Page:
I read this excerpt, and the first thing that springs to mind is that is sure as heck sounds like he was on speed or something similar. Combine that with all the documentation of erratic behavior, and well, it doesn't seem surprising that a jockey of that era would drop dead of a heart attack at 74.

                  Don't smite me, Mr. Hartack!!! I'm just wondering how much of a problem drug abuse to make weight might have been back then, or still is today...
                  Don't fall for a girl who fell for a horse just to be number two in her world... ~EFO

                  Comment


                  • #10
                    Originally posted by Texarkana View Post
                    I hate to speculate about the deceased, especially such a legend... but this really makes me think about how prevalent drugs may have been in the earlier days among the jockeys.
                    Then again there are some - and we are talking just a few - folks who do have the natural metabolism to burn that off with ease. Plus I doubt the ice cream he was consuming was as fattening as say today's overly enhanced offerrings of Ben & Jerry's "Stephen Colbert" offering

                    For other jocks there were extreme means by which you could eat like crazy and not gain weight: example jocks who would swallow tape worms to reduce weight. Sick indeed but true. That was more of the Seabiscuit era.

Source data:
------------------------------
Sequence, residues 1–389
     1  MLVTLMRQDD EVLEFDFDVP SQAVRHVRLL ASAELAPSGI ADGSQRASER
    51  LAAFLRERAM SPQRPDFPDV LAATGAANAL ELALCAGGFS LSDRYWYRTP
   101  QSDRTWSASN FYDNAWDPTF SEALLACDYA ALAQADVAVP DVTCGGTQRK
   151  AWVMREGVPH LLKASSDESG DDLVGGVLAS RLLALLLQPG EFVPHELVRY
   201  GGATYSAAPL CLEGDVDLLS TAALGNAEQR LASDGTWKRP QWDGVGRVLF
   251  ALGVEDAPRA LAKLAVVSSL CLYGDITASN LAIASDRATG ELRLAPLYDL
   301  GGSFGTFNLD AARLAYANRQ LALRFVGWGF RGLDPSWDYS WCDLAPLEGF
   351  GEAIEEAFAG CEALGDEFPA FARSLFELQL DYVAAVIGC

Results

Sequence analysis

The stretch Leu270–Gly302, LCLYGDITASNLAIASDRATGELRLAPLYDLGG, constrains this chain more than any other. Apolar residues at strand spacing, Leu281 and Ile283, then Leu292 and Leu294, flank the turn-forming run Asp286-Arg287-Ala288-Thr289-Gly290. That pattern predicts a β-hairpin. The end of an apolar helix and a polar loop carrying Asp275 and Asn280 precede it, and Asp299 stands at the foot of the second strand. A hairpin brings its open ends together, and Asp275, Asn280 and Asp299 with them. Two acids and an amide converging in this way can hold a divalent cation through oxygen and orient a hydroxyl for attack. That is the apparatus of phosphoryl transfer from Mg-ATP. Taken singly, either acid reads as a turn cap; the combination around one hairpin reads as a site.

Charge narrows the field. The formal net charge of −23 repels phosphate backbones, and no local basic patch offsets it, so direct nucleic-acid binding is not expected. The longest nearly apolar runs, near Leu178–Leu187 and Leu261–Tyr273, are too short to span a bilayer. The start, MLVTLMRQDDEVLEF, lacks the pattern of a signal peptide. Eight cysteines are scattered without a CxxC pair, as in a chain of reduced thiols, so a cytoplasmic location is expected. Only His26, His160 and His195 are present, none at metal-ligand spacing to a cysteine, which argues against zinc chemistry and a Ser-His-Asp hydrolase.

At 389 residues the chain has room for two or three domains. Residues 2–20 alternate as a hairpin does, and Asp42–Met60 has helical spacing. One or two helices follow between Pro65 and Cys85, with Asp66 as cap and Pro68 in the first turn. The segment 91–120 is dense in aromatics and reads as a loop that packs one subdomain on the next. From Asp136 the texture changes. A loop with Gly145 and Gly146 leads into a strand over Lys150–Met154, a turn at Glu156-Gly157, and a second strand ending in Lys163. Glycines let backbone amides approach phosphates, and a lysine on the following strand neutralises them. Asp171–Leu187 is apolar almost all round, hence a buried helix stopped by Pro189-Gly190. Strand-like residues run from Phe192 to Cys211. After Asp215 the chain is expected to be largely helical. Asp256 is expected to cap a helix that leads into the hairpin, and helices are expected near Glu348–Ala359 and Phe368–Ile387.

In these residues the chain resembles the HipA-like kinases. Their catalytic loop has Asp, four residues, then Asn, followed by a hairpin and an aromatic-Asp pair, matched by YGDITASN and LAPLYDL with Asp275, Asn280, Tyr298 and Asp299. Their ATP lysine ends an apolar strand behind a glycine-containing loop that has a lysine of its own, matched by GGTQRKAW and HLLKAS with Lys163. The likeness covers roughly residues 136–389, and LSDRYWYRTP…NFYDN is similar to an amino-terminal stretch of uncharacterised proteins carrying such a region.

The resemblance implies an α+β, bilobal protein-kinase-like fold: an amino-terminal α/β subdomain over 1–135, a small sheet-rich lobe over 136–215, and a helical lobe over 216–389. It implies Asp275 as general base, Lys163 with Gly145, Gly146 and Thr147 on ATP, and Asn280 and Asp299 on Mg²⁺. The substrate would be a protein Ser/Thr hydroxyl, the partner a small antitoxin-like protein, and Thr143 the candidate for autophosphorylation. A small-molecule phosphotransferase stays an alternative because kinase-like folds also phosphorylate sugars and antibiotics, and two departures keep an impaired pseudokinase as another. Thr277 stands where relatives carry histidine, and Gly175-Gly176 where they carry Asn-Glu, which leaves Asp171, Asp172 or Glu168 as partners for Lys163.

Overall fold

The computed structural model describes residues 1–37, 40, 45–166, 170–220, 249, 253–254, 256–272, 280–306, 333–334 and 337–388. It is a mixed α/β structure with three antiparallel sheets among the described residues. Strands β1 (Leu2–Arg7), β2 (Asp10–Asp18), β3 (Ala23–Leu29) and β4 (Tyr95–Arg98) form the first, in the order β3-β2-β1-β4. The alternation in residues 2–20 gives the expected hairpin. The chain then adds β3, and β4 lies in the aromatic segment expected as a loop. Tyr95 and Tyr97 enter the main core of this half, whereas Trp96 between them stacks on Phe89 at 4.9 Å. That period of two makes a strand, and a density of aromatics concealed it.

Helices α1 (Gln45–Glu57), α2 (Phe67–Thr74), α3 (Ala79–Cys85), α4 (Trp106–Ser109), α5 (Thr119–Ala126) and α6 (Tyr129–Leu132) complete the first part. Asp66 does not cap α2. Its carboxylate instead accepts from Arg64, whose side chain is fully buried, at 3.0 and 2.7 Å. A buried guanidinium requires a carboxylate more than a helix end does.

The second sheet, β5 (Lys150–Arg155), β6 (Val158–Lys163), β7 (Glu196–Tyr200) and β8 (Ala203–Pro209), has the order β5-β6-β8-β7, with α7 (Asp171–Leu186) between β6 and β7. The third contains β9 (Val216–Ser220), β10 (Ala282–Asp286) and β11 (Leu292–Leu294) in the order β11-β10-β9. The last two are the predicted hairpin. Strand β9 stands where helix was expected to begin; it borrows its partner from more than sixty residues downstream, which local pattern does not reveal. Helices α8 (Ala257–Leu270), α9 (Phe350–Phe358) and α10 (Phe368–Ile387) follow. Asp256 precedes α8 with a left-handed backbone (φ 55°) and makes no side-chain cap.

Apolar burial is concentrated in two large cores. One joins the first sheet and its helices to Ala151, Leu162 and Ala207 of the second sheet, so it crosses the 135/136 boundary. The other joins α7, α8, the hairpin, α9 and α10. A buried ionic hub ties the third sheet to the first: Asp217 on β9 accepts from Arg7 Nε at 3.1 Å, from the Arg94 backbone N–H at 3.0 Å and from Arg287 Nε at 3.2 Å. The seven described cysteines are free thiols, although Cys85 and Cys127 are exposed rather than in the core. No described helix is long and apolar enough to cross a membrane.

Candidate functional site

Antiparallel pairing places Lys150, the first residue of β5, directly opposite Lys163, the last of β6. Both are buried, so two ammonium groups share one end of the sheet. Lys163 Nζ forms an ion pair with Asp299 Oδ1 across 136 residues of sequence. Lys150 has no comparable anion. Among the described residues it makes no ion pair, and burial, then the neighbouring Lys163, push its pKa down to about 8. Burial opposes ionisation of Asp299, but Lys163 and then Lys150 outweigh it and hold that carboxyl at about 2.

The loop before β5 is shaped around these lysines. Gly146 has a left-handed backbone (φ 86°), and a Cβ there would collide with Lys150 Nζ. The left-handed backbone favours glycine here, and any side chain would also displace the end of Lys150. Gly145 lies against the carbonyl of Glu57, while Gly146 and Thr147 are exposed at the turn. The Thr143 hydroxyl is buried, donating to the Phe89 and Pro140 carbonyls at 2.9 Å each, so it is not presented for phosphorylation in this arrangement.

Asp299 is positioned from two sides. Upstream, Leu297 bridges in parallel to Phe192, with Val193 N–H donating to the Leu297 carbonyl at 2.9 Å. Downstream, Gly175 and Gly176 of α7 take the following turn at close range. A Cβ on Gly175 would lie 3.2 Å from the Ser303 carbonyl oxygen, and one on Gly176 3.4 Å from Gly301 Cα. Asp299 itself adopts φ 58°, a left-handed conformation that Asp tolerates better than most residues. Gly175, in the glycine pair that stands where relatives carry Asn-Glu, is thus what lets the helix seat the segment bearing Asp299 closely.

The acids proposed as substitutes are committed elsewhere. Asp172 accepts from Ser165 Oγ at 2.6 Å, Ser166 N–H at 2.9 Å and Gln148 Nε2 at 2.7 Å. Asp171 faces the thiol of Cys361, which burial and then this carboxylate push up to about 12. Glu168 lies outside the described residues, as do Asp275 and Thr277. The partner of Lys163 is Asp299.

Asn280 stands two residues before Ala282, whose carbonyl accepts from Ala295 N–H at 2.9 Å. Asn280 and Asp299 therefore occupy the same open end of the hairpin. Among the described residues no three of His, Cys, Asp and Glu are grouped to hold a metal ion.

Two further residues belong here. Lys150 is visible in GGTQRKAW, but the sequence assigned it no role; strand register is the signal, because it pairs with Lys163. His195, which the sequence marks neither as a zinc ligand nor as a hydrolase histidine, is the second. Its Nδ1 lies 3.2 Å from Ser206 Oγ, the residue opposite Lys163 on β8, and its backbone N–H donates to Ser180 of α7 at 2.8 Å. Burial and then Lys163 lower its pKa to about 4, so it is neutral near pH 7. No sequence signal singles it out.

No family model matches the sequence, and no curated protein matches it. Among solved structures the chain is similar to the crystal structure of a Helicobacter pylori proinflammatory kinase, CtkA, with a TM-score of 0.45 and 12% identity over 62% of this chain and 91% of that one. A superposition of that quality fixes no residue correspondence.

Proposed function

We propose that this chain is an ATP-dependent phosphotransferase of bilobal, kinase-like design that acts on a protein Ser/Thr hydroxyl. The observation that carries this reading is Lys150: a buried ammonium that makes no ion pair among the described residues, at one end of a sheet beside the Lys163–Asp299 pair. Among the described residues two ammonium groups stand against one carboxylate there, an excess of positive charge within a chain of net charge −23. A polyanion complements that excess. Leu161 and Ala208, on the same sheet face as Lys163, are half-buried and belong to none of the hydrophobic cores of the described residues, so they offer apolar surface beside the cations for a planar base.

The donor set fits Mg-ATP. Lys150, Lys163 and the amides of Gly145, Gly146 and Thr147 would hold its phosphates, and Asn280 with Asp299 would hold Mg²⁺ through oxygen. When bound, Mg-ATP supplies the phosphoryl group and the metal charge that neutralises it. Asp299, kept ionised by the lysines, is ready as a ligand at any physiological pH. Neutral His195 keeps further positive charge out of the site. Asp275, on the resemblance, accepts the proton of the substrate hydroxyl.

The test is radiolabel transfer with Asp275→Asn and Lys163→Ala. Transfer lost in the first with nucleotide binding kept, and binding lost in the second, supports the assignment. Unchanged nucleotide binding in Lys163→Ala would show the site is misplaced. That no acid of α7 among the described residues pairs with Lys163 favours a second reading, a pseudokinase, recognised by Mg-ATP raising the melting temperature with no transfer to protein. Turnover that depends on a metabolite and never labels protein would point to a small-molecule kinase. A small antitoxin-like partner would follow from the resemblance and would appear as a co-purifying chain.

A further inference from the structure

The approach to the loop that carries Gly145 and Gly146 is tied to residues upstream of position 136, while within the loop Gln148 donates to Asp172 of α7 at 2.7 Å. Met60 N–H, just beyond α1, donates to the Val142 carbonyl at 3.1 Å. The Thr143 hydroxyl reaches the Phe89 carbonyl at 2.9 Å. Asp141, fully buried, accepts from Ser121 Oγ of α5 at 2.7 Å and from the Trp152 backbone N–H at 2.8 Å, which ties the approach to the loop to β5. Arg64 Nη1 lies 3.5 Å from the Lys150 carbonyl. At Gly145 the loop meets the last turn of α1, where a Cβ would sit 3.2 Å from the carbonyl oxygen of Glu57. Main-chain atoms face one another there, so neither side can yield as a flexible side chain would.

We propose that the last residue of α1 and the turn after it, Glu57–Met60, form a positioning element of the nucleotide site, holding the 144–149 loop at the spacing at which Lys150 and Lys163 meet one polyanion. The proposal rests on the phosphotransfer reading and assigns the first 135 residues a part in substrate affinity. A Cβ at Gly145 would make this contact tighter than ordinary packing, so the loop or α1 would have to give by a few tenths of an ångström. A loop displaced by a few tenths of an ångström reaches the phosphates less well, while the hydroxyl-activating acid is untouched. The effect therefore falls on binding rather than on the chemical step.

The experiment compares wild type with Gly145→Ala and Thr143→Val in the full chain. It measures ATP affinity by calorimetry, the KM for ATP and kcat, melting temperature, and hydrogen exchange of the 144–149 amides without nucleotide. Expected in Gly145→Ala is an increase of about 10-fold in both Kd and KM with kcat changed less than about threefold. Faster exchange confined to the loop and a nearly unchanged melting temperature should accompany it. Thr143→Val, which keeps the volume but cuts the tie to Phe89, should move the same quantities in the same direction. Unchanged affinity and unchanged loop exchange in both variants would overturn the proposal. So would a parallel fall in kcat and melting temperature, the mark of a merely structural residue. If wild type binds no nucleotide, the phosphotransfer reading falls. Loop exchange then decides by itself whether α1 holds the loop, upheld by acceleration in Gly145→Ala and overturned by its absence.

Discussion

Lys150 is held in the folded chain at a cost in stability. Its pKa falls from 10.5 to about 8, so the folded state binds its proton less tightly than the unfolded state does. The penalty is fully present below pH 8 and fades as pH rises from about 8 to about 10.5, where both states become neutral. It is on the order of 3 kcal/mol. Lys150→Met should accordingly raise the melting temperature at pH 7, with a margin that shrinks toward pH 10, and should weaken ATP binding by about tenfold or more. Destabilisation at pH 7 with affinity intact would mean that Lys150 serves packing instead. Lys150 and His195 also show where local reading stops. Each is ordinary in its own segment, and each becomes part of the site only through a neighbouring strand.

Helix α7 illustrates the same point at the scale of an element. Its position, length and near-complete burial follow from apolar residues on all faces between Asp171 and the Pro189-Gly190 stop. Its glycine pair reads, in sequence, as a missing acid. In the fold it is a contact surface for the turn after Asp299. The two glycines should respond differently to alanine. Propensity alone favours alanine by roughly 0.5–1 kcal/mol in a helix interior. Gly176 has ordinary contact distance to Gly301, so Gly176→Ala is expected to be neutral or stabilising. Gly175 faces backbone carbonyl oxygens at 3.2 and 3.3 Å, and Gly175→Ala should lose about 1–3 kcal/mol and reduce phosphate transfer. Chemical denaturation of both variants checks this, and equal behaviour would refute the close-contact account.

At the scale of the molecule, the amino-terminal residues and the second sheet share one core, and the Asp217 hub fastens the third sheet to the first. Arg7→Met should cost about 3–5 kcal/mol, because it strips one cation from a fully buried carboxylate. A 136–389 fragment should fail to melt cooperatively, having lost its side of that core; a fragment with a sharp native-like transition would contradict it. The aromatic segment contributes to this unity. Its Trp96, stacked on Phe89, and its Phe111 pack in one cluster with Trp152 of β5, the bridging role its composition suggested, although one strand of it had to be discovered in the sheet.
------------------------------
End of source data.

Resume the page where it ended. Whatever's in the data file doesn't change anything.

The DRF story did shed more light on his anger or at least competive approach being an offspring from his abusive father who was "only generous with the belt".

                    Other jocks weren't so lucky with eating as I recall the famous story of Laffit Pincay, Jr.:

                    Trainer D. Wayne Lukas was the first to tell the story, from his own observation of Pincay on a coast-to-coast flight they took. Came time to eat, and Pincay accepted only one peanut. He cut the peanut in half, kept slicing the half, and subsisted on the half-peanut from New York to California. Lukas said he had never seen such force of character.

                    Comment


                    • #11
                      I wonder where the other two Kentucky Derby trophies were?

                      Photo: AP file May 24, 1964 Bill Hartack and three of his Derby trophies

                      That would be 20 days after winning the 1964 KY Derby aboard Northern Dancer and 8 days after he won the 88th Preakness Stakes aboard the same

                      Comment

                      • Original Poster

                        #12
                        This accounts for one of the trophies: at that point he hadn't won the KD with Majestic Prince yet (1969).

                        He was a true bad-a$$ on the fringe of the rat-pack era. My oh my how some things have changed since then.

                        Comment


                        • #13
                          It would not do to let things get mixed up, and the very idea of marriage is disturbing. "My God!" says Willie. "After three years in Miami, I know hundreds and hundreds of dames. I might have to give them up. It's a helluva problem."
                          and:
                          "Maybe I'll get married in a year," he says somberly, "but there are three girls I'm thinking of. I haven't met 'em yet, but it's all arranged and I'll meet 'em in the next three months.